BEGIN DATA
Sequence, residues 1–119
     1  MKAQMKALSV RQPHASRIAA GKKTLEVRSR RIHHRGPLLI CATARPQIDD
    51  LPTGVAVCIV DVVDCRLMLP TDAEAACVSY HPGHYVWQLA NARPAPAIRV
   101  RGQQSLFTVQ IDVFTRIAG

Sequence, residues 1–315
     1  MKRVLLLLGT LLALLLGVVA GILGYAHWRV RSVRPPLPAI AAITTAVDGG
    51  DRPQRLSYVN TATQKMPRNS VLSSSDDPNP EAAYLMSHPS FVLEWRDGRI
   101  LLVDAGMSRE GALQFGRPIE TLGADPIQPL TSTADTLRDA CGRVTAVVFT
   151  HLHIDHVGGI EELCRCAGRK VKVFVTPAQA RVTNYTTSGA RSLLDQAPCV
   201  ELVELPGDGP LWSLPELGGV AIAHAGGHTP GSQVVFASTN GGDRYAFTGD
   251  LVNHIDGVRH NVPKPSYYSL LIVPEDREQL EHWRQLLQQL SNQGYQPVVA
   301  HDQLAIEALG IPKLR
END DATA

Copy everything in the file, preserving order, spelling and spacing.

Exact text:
Sequence, residues 1–119
     1  MKAQMKALSV RQPHASRIAA GKKTLEVRSR RIHHRGPLLI CATARPQIDD
    51  LPTGVAVCIV DVVDCRLMLP TDAEAACVSY HPGHYVWQLA NARPAPAIRV
   101  RGQQSLFTVQ IDVFTRIAG

Sequence, residues 1–315
     1  MKRVLLLLGT LLALLLGVVA GILGYAHWRV RSVRPPLPAI AAITTAVDGG
    51  DRPQRLSYVN TATQKMPRNS VLSSSDDPNP EAAYLMSHPS FVLEWRDGRI
   101  LLVDAGMSRE GALQFGRPIE TLGADPIQPL TSTADTLRDA CGRVTAVVFT
   151  HLHIDHVGGI EELCRCAGRK VKVFVTPAQA RVTNYTTSGA RSLLDQAPCV
   201  ELVELPGDGP LWSLPELGGV AIAHAGGHTP GSQVVFASTN GGDRYAFTGD
   251  LVNHIDGVRH NVPKPSYYSL LIVPEDREQL EHWRQLLQQL SNQGYQPVVA
   301  HDQLAIEALG IPKLR